With the IMF warning that the COVID-19 crisis will result in the ‘worst economic fallout since the Great Depression, now’s not a great time to suddenly find yourself out a job. And yet that’s exactly what millions of Americans have experienced, with a record 1 in 10 now claiming unemployment benefits. In Minnesota, the bleak story continues, with close to a quarter of a million people filing for unemployment since March 16th alone. Just to put that in perspective, that’s more than the total number of applicants for all of last year. With the system struggling to cope with demand, the government has passed a new series of measures designed to help those worst hit. Introduced on March 27, the CARES act expands the current unemployment benefits package to accommodate those who might not normally qualify (essentially by removing the demand that applicants be both able and available to work), as well as extending the claimable period by up to 13 weeks and adding a supplementary $600 per week, across the board payment on top of what the state of Minnesota allows.
Who’s Eligible to Claim Unemployment in Minnesota?
Under the new guidelines, you may be eligible to claim unemployment benefits in Minnesota if you fall into any of the below categories.
- You are sick with COVID-19 or in quarantine after being exposed to COVID-19 (a medical certificate verifying your exposure may be requested).
- You are a caregiver to a family member with COVID-19 or who is in quarantine after being exposed to COVID-19.
- You have been furloughed without pay because of COVID-19.
- You are working reduced hours because of COVID-19.
- You have been affected by school closures.
- You are unable to travel to work because of public transportation shutdowns.
- You, or your employer, feel it is unsafe to continue working because of COVID-19.
- You are self-employed, a contractor, or a gig worker who cannot work because of COVID-19.
As noted by Motley Fool, your previous income must meet certain minimum standards for you to qualify for unemployment, regardless of your reason for being out of work.
In Minnesota, your earnings are looked at over a base period determined by the date you log your claim. You will need to have earned at least $3000 during your base period to qualify for unemployment.
- For claims filed between April and June 2020, the base period will be January 1, 2019, to December 31, 2019.
- For claims filed between July and September 2020, the base period will be April 1, 2019, to March 31, 2020.
- For claims filed between October and December 2020, the base period will be July 1, 2019, to June 30, 2020.
How Do I Apply for Unemployment in Minnesota?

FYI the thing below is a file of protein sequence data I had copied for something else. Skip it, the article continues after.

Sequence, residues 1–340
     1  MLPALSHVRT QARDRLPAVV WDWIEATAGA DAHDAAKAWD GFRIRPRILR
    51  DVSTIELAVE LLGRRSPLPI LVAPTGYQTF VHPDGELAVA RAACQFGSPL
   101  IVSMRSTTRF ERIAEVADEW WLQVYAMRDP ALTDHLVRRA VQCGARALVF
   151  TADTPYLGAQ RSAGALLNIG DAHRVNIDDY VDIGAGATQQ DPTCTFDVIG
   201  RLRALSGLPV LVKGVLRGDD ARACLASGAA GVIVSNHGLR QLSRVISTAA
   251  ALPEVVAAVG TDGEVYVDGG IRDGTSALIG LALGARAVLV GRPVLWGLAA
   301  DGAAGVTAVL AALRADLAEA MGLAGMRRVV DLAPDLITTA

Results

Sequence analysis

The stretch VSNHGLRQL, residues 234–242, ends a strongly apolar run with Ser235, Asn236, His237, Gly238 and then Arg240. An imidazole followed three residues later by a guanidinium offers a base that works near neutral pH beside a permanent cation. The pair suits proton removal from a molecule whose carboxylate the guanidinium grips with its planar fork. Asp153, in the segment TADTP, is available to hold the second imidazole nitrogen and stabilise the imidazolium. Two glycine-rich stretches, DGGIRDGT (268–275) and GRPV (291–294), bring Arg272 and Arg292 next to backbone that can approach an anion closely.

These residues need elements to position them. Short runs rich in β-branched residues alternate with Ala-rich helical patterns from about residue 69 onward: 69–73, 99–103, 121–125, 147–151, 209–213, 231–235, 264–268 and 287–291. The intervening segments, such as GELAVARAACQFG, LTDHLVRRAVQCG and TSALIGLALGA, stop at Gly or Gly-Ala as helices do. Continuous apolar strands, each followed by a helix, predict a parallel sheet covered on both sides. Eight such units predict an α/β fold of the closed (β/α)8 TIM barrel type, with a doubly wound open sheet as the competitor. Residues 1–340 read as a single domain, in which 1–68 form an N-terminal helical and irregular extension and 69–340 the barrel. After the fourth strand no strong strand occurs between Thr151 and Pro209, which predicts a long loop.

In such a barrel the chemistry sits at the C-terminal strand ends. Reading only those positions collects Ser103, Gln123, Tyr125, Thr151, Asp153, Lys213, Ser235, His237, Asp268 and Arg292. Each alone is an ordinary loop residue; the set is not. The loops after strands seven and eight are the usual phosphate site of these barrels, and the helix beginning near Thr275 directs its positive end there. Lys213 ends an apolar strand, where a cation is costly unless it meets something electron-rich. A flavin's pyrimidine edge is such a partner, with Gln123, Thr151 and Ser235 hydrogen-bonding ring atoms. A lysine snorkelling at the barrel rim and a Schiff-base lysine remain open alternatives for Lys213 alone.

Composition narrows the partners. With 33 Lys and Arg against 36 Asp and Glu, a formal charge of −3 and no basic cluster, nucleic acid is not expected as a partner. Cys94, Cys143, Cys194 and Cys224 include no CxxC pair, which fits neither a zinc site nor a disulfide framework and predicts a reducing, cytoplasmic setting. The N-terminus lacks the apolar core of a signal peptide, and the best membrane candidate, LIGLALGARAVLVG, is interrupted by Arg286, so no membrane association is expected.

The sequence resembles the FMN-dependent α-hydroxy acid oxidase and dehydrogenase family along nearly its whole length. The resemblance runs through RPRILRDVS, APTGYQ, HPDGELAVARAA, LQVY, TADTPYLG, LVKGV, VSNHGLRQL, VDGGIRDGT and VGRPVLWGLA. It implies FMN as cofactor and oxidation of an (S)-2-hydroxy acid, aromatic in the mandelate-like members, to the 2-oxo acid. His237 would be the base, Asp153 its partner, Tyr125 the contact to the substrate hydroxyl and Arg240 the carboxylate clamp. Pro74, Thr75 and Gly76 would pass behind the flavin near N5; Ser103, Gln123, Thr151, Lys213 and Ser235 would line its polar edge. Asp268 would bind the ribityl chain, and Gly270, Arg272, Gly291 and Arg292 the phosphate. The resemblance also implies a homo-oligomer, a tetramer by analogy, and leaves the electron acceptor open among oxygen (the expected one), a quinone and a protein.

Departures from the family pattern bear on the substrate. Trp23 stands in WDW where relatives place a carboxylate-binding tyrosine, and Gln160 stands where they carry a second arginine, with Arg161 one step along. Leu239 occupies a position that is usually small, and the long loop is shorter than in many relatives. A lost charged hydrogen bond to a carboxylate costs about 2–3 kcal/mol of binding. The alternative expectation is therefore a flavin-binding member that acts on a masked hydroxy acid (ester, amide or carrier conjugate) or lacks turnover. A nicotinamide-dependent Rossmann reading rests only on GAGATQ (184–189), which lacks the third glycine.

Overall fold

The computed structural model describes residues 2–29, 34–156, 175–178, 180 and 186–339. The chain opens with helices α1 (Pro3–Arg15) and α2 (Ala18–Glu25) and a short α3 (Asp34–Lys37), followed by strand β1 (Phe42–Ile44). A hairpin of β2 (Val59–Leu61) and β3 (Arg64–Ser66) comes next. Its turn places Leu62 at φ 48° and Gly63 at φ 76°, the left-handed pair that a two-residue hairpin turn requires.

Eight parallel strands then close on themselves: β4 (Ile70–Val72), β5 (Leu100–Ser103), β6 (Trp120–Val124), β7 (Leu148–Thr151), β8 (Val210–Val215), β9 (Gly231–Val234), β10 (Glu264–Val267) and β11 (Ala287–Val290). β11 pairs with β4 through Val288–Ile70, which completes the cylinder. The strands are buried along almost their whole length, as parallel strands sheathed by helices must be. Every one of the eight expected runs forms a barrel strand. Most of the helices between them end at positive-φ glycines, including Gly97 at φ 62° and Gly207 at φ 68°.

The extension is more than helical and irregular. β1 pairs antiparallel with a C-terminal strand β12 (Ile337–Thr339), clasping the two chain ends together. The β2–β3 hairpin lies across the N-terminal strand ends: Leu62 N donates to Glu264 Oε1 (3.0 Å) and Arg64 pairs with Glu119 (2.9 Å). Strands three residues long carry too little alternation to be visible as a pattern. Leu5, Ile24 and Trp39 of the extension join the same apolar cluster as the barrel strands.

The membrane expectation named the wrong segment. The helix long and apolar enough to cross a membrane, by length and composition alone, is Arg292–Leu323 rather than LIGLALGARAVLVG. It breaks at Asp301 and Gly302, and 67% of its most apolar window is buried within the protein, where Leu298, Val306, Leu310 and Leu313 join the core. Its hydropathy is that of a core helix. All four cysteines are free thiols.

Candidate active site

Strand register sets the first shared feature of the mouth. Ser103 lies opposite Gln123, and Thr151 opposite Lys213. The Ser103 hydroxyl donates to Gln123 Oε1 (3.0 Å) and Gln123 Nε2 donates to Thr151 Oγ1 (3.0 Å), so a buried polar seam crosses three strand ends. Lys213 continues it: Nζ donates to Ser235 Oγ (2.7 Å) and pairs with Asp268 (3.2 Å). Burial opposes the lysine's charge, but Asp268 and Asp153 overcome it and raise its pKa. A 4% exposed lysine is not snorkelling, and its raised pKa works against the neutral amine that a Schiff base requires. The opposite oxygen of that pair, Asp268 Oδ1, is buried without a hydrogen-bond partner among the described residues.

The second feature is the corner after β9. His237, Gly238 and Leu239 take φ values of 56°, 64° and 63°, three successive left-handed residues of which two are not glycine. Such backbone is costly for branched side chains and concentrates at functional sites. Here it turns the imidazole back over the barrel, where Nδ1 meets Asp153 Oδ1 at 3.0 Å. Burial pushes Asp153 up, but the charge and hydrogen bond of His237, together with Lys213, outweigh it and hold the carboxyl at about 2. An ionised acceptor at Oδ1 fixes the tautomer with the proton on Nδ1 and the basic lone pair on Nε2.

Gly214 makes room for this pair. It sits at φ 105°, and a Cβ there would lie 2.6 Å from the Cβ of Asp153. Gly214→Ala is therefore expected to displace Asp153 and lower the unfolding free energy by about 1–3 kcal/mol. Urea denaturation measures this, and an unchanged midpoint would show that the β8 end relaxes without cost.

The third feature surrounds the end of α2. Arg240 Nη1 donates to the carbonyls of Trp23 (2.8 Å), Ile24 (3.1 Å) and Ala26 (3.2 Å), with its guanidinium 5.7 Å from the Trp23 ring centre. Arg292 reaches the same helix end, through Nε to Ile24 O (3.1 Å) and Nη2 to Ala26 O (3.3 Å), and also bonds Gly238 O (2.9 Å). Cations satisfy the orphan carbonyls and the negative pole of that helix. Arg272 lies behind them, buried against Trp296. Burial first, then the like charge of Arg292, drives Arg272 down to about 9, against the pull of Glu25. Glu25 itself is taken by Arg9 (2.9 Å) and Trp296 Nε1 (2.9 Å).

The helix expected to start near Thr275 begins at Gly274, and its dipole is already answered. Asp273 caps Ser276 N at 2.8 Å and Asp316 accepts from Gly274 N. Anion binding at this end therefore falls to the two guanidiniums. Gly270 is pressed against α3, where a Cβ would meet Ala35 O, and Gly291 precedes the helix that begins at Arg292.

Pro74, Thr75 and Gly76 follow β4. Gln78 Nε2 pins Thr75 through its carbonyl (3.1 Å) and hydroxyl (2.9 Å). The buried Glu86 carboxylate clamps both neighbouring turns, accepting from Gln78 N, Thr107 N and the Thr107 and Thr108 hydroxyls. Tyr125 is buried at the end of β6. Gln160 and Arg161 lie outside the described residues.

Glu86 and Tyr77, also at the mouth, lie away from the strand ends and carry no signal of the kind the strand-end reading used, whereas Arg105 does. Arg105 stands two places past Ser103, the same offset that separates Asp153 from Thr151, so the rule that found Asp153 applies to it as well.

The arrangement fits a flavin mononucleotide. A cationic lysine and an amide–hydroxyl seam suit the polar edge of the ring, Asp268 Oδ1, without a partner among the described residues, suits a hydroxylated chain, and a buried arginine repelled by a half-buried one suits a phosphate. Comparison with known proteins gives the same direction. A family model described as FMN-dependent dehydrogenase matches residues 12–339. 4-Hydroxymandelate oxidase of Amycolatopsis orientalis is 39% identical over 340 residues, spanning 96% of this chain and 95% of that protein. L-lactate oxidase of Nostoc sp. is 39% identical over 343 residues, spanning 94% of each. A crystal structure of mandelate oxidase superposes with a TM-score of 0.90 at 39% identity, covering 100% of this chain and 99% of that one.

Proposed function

In Minnesota, workers can choose to file their claim in one of two ways.
- By Phone. Applicants in the Twin Cities should call 651-296-3644. Applicants outside of the metro should call 1-877-898-9090. The hearing impaired can call 1-866-814-1252.
- Online. Create an account at Minnesota Unemployment Insurance (https://www1.uimn.org/ui_applicant/applicant/login.do).
As you’d expect, phone lines are being slammed at the moment; to avoid call wait times of at least an hour, the department recommends all new applicants file their claim online if at all possible.
To cope with demand, a schedule for filing claims based on the last four digits of each applicant’s Social Security number has been introduced. If your SNN ends in 0, 1, or 2, you will need to file your claim on Monday between 6 A.M. and 8 P.M. If it ends in 3, 4, or 5, file on Tuesday between 6 A.M. and 8 P.M. Applicants with an SSN ending 6,7, 8, or 9 should file on Wednesday between 6 A.M. and 8 P.M, while those who missed their designated day should file on Thursday or Friday between 6 A.M. and 8 P.M.
To apply, you’ll need to provide:
- Social Security number.
- Driver’s license number or other state government identification number.
- Your mailing address, email address, and contact telephone number.
- Your employment history for the past 18 months, to include the name, address, and contact number of each employer, your pay rate, the first and last working days, and your reason for leaving.
- Your bank information, if you choose to have your benefits paid by direct deposit.
If you are a non-US citizen, a union member, a federal worker or have served in the military in the last 18 months, additional documents may be requested. After you’ve applied, you’ll need to verify your claim weekly for each week that you are unemployed. To avoid any interruption in payment, it’s vital you do this starting the very first week after your file your initial claim, regardless of whether a decision on your eligibility is still pending.
How Much Will I Be Paid?
If you pass the eligibility checks, your state benefit will equate to around 50% of your average weekly wage, up to a maximum of $740. Under the provisions of the CARES act, you’ll also be entitled to a supplementary payment of $600 on top of what the state allows until the end of July.
How Will I Be Paid?
If your claim’s successful, you can choose to have your benefits paid either by direct deposit or by U.S. Bank ReliaCard Visa (unemployment debit card). If you want to change your payment method at any time, you can do so either by logging into your account or by calling customer service.
My Claim’s Been Denied. Can I Appeal?
After you’ve filed your initial claim, the unemployment department will issue a determination letter within 21 days. If your application is denied, you have the option to appeal the decision (details of how to do this will be included in the letter) by the deadline stated in the determination. During the appeals period, it’s vital you continue to verify your claims weekly to avoid any subsequent issues with payments if your appeal is upheld.